Welcome back to my weekly review and recap of Teen Wolf. To catch up on previous coverage, click here.
Deja vu and we’re back again! For those of you who remembered that for some reason Teen Wolf was airing its second episode of season five tonight, you’re in luck, because it had plenty to love.
It also, however, had plenty to dislike, and we’re going to talk about that first due to my cheerful disposition and because, quite frankly, tonight’s episode checked about all of the boxes of what I don’t like about this show. Firstly–and this part is integral–the newbies! Tracy is this new character who isn’t just suddenly appearing, she’s also the sole focus as the opener of the hour. The season five premiere already soured the mood by the first five minutes being abysmal, so why have this trend carry over into another episode?
I don’t mind when new characters are introduced on other shows, but Teen Wolf has had a rough go of making me care about any fresh face. Kira survives on Arden Cho being a fun presence, I’m only just accepting Liam as a thing (and that’s largely due to Dylan Sprayberry putting in some extra effort to be charming in this episode), and I never warmed to Isaac, Erika, or Boyd. I’ll begin to care about these newbies whenever the writers show that they’re capable writing fitting and strong narratives for their existing characters.
So not only does Tracy annoy me based on very existence of her character, she also has an unfortunate opening with Lydia’s mom (who I’m glad is still on the show), where the dialogue is dripping with such pseudo-philosophical nonsense that it’s difficult to take any of it seriously. The end result of her storyline, that she has in fact been awake throughout all of her night terrors, that they’ve been used as some sort of deranged coping mechanism, is suitably terrifying, particularly for a show that’s trod the “locked inside one’s own mind” territory before. However, the buildup could have used subtlety.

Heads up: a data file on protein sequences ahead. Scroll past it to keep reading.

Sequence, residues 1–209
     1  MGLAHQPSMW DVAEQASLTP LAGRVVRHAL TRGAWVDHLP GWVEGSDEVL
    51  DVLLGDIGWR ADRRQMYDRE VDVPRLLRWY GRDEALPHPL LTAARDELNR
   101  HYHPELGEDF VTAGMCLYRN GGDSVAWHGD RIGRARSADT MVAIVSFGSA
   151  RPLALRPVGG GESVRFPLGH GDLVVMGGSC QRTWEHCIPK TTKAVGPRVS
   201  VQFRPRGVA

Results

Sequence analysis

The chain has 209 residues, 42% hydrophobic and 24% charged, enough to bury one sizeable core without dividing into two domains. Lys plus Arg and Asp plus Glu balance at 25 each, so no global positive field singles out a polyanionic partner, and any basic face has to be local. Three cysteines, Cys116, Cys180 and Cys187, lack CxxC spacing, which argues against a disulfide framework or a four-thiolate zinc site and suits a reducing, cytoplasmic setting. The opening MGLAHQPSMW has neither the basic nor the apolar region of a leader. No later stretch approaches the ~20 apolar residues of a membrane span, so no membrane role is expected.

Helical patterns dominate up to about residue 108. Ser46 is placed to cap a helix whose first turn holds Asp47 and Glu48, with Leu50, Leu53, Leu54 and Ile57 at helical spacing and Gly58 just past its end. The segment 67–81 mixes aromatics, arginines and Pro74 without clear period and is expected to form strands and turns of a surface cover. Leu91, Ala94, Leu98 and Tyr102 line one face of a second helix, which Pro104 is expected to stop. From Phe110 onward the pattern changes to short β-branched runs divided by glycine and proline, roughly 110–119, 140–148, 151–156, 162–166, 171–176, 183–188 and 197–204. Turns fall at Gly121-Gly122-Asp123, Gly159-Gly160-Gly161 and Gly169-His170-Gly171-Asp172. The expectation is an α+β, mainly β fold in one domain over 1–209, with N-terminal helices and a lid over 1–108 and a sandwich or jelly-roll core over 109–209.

Then there’s the slow-motion, which may seem frivolous to some and even silly to complain about at this point due to the show’s affinity for it, but enough is enough! We do not need a slow motion pan up of Scott walking into high school and seeing people he’s never interacted with. It adds nothing!
Luckily, there were moments I liked, even if there were some aggravating pit stops along the way. As a general rule of thumb, I am team Stiles–if he believes someone is evil, I’m likely going to believe him at face value. Yet even I was beginning to feel my eyes roll to the back of my head as he continued yammering about how awful Theo was. Sure, he has a smug face, but that’s nowhere near enough evidence to incriminate someone on.
Of course, Stiles is right, with a scene at the end cementing that Theo likely is the worst, but what really came out of this was a pairing I didn’t know I’d appreciate in the form of Stiles and Liam, and a return to an old one in Scott and Stiles.
I think I can get behind this version of Liam. Season four spent a lot of his character growth on him moping around about the woes of being a teenage werewolf, and he’s much more interesting now being written as a dweeb of a younger brother to Scott and Stiles. Him tagging along with Stiles on his paranoia-fueled tracking of Theo worked wonderfully, and Sprayberry and Dylan O’Brian worked wonderfully off of one another, with both getting to be the voice of reason with the other.
This scene also leads to the absolutely delightful line reading by O’Brien, a simple “oh my god” when he realizes that Theo is out in the woods to mourn, not for anything nefarious.
We then get to see my favorite scene of the “Parasomnia” when Stiles and Scott confront one another about Stiles’ feelings about Theo, mainly his distrust. Stiles tells Scott in a moment of frustration that he can’t go around giving one everyone the benefit of the doubt because he needs to be there, making sure Scott’s good nature doesn’t allow them to trust everyone. Stiles punches his jeep (which once again isn’t working) and nearly breaks his hand and Scott, in a key moment, takes it and absorbs the pain.
It’s the little things.
In other news, Lydia is flirting with Parrish, which, ew, Malia is having bizarre visions, and Mason now knows that Liam is a werewolf, so that’s cool.
Another solid episode, if not successful all across the board. Stories are still meandering a bit, and I hope the moment where Stiles realizes that his dad is no longer wearing his wedding ring isn’t simply forgotten, but for now I’m confident at least that our leads will be given plenty to do.